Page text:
ERIC Number: EJ1133428
Record Type: Journal
Publication Date: 2017-Feb
Abstractor: As Provided
Reference Count: 11
Teaching Experiment to Elucidate a Cation-Pi Effect in an Alkyne Cycloaddition Reaction and Illustrate Hypothesis-Driven Design of Experiments
St.Germain, Elijah J.; Horowitz, Andrew S.; Rucco, Dominic; Rezler, Evonne M.; Lepore, Salvatore D.
Journal of Chemical Education, v94 n2 p240-243 Feb 2017
An organic chemistry experiment is described that is based on recent research to elucidate a novel cation-pi interaction between tetraalkammonium cations and propargyl hydrazines. This nonbonded interaction is a key component of the mechanism of ammonium-catalyzed intramolecular cycloaddition of nitrogen to the terminal carbon of a C-C triple bond of the propargyl substrate. In this teaching experiment, reactions and control experiments are employed to demonstrate the testing of two alternative mechanistic hypotheses. Specifically, cyclization reactions are performed with a soluble base (sodium phenoxide) with and without tetrabutylammonium bromide under homogeneous conditions. Students observe that the added ammonium salt accelerates the reaction. They are then encouraged to develop a testable hypothesis for the role of the ammonium salt in the cyclization mechanism: typical phase transfer or other. IR spectroscopy is then used to directly observe a dose dependent shift of the alkyne stretching mode due to a cation-pi interaction. In this experiment, undergraduate "researchers" were able to practice the scientific method on a contemporary system and see how data are generated and interpreted to adjudicate between rival hypotheses in a way that emulates authentic and current research in a lab setting. This experimental design was tested on students enrolled in the introductory undergraduate organic chemistry lab.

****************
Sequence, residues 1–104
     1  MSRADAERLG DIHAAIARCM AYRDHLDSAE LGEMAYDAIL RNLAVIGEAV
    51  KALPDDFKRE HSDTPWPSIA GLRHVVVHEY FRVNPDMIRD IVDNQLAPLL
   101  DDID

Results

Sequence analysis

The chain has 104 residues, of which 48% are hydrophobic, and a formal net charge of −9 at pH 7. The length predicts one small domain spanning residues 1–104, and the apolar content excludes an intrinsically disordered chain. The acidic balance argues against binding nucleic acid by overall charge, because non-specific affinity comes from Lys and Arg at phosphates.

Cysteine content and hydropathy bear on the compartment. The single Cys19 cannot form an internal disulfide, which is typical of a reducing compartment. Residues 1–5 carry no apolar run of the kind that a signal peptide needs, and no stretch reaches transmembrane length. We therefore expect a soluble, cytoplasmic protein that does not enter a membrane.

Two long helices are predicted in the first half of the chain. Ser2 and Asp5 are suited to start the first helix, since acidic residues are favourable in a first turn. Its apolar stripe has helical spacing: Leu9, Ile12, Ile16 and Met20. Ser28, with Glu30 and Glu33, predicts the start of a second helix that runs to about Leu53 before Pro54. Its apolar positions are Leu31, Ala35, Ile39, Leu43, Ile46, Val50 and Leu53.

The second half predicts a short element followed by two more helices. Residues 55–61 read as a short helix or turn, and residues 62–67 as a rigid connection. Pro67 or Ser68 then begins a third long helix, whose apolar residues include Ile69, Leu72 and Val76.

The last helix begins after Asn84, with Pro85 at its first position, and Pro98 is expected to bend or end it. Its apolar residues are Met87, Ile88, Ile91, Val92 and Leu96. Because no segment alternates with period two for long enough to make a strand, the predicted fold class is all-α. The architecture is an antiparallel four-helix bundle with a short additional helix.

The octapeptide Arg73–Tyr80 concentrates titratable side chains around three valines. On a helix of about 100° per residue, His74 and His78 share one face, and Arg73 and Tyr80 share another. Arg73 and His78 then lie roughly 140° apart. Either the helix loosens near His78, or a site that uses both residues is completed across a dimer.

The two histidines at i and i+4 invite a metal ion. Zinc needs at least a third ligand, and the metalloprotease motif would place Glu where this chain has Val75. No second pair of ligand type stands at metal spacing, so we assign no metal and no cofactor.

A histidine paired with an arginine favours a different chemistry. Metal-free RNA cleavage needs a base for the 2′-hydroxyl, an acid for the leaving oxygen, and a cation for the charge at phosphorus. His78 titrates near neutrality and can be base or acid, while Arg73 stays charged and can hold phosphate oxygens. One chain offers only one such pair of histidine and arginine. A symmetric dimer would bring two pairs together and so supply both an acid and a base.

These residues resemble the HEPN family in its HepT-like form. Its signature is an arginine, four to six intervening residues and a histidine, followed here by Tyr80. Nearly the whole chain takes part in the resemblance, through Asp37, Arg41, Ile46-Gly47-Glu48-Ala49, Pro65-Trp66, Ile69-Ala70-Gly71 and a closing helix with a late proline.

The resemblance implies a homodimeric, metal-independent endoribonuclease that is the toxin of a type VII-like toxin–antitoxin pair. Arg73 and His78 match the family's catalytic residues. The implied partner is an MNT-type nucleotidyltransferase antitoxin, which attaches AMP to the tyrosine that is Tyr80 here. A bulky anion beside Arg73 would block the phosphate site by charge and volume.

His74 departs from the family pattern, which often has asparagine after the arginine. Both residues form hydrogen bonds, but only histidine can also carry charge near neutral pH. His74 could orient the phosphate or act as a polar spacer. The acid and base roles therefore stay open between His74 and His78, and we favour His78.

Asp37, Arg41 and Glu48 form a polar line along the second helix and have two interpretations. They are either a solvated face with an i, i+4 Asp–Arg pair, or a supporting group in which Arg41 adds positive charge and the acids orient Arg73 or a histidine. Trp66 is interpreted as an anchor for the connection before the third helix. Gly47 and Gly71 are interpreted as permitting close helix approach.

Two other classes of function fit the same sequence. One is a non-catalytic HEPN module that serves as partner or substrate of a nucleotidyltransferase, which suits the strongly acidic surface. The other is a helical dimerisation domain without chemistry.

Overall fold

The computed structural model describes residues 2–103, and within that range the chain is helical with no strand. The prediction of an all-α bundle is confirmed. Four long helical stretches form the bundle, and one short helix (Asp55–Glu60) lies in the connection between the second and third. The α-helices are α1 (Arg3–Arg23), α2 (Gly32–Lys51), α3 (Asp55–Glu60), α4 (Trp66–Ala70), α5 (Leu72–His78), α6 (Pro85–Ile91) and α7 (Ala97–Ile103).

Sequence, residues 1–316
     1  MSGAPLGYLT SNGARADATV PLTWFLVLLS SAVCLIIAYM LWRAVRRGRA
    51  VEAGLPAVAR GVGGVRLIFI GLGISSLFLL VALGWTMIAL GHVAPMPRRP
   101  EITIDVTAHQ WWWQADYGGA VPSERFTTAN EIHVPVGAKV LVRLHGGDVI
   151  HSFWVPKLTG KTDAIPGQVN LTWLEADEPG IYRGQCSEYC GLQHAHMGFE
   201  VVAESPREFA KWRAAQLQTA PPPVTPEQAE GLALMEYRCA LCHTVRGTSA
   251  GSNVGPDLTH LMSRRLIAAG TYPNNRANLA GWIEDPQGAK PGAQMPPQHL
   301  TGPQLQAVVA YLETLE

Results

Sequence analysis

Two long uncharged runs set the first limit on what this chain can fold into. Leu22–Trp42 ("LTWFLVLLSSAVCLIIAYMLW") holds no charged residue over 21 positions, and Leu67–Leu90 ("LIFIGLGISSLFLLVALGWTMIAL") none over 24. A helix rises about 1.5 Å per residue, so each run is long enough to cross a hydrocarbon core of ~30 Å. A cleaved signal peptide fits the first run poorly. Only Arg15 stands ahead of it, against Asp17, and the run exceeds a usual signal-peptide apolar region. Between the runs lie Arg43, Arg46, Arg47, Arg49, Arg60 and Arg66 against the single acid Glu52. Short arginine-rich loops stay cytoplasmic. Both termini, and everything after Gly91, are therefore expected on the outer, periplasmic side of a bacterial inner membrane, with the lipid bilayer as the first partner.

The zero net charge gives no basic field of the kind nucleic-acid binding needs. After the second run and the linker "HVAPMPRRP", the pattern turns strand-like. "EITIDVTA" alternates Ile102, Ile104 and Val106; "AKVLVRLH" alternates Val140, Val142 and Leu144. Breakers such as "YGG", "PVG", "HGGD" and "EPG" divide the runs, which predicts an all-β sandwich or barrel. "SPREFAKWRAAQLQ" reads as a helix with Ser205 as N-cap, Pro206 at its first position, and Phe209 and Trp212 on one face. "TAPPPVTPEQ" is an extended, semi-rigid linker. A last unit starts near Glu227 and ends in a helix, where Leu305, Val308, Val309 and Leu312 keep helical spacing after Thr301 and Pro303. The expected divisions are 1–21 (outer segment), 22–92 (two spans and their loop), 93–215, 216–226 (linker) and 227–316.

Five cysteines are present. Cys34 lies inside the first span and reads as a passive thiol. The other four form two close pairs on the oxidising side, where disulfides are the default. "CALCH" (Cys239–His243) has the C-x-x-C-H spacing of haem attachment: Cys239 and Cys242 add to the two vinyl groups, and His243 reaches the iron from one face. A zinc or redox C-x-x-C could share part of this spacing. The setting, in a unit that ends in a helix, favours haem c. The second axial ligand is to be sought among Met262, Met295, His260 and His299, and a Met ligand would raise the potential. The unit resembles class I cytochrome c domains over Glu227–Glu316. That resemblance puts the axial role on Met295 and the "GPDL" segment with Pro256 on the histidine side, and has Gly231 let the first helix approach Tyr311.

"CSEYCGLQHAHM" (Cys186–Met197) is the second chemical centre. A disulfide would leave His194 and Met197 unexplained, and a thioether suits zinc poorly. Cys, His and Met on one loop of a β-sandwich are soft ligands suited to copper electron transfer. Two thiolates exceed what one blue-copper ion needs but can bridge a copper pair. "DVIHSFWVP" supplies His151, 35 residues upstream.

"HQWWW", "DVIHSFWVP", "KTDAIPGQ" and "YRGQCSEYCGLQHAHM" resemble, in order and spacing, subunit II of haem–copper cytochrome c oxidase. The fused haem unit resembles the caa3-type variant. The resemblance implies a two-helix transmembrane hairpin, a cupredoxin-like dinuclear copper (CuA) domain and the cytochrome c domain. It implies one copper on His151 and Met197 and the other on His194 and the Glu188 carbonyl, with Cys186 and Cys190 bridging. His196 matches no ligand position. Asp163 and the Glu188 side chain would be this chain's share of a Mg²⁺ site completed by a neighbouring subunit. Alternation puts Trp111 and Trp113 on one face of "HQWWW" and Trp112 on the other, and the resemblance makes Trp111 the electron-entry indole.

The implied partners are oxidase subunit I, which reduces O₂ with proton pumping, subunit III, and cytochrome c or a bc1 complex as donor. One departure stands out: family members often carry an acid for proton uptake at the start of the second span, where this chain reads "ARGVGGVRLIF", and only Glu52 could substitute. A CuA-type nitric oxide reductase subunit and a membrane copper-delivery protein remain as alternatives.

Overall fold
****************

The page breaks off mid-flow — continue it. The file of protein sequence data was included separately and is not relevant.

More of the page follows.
Descriptors: Organic Chemistry, Science Experiments, College Science, Undergraduate Study, Inquiry, Spectroscopy, Science Laboratories, Laboratory Experiments, Hypothesis Testing, Molecular Structure
Division of Chemical Education, Inc and ACS Publications Division of the American Chemical Society. 1155 Sixteenth Street NW, Washington, DC 20036. Tel: 800-227-5558; Tel: 202-872-4600; e-mail: firstname.lastname@example.org; Web site: http://pubs.acs.org/jchemeduc
Publication Type: Journal Articles; Reports - Descriptive
Education Level: Higher Education; Postsecondary Education
Sponsor: National Institutes of Health (DHHS)
Authoring Institution: N/A
Grant or Contract Numbers: GM110651